But so far, except for JPMorgan Chase’s implementation of COIN to streamline back-office operations, customer-facing scenarios have been the more highly adopted use cases for AI chatbots in the financial sector. These include enhancing customer experience, lead generation, customer onboarding, and support for financial services like budgeting tips and loan applications.
“In the future, we are going to be interacting with chatbots frequently for routine transactions. As a leader in the financial services industry and a technology innovator, HSBC is taking the first steps in using cloud-based chatbot technology to get fast, accurate answers to our customers.”
HSBC’s implementation of ORRA to handle regulatory compliance controls represents a completely new use case in the financial sector. Using cloud technologies like AI and machine learning not only helps employees to respond rapidly and accurately to policy-related queries but also gives financial institutions the flexibility to adapt to complex and ever-changing regulatory requirements.
According to Chris Wilson, HSBC’s head of Architecture, Policy & Regulatory Mapping, future versions of ORRA will include guidance on judgment calls and more functionality related to risk acceptance, risk issues, and risk relevance.
As ORRA handles routine queries from internal employees, subject-matter experts can focus on more complex policy issues. Big data analysis can also help financial institutions identify market trends, streamline procedures and reduce risk.
With technologies like ORRA, financial institutions can not only create conversational agents that take the pressure off of their internal resources but gather information through analytics and learning that can also inform future business decisions and policy and procedural changes.
FUTURE AUTOMATION IN THE FINANCIAL INDUSTRY
Trends indicate that while human advisors continue to play a vital role, automation through AI development is transforming the financial industry. A recent PricewaterhouseCooper study shows that 52% of financial services decision-makers are making substantial investments in artificial intelligence (AI).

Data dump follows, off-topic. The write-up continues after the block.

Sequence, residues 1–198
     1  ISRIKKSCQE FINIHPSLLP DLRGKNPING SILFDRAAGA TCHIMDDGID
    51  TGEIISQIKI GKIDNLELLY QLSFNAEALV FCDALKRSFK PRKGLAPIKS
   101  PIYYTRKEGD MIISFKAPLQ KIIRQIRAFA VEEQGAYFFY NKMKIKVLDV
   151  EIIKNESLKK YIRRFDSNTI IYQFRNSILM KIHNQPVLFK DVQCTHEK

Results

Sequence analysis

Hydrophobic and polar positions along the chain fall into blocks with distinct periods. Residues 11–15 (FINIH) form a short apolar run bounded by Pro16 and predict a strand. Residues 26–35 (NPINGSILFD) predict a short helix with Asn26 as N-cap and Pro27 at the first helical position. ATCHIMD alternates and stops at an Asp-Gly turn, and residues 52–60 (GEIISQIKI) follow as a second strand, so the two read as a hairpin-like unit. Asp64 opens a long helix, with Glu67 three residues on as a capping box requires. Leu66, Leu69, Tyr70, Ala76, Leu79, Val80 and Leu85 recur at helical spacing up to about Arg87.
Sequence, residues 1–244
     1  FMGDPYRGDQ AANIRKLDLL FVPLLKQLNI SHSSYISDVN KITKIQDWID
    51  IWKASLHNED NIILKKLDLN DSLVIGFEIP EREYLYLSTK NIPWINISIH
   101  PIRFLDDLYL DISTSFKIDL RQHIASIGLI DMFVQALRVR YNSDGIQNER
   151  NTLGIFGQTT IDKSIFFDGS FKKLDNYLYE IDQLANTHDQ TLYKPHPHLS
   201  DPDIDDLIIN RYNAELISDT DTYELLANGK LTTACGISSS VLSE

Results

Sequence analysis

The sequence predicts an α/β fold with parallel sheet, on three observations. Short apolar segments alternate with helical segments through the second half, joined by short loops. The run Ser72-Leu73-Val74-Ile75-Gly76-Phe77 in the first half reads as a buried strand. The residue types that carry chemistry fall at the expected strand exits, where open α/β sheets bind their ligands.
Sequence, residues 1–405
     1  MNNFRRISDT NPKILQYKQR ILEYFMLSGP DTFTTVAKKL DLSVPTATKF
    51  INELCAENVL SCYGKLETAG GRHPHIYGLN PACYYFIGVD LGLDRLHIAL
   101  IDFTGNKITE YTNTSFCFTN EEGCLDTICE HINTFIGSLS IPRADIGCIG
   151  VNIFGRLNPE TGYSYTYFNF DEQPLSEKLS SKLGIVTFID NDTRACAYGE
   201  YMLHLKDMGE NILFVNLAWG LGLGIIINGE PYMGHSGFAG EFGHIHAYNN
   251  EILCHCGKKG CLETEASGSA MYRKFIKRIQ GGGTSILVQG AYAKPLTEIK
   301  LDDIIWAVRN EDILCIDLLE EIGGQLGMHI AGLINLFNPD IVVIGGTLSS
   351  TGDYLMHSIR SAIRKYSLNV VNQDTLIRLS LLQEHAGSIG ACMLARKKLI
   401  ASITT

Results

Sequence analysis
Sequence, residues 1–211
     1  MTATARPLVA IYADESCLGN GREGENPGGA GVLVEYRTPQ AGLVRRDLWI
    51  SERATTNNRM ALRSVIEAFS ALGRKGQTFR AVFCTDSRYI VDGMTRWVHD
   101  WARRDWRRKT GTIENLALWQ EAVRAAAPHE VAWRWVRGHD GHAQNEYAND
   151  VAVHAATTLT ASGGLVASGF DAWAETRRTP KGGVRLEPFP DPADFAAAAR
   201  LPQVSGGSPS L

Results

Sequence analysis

As more information is stored in the cloud, the financial sector can deliver more advanced interactions at a lesser cost. And while front office implementations that deepen customer relations continue to offer the greatest cost-benefit, middle and back-office AI applications present an opportunity to use automation for risk assessment, fraud management, and to improve anti-money laundering (AML) processes.
“As we move forward, we’ll be adding in more around risk acceptance, risk issue, and risk relevance.”
The future of AI in banking not only involves personalized banking experiences for customers but automated agents perform middle and back-office activities, assist with regulatory and compliance policies and procedures while gathering information that informs business decisions.
As more advanced use cases emerge, automated AI applications will evolve to help financial institutions adapt and innovate to unlock new paradigms.
Butler told Insider that future versions of ORRA will accommodate more policies and documents and support multiple languages, as well as mobile interactions and speech. As he rightly pointed out, “This is only the beginning of our conversational AI journey”.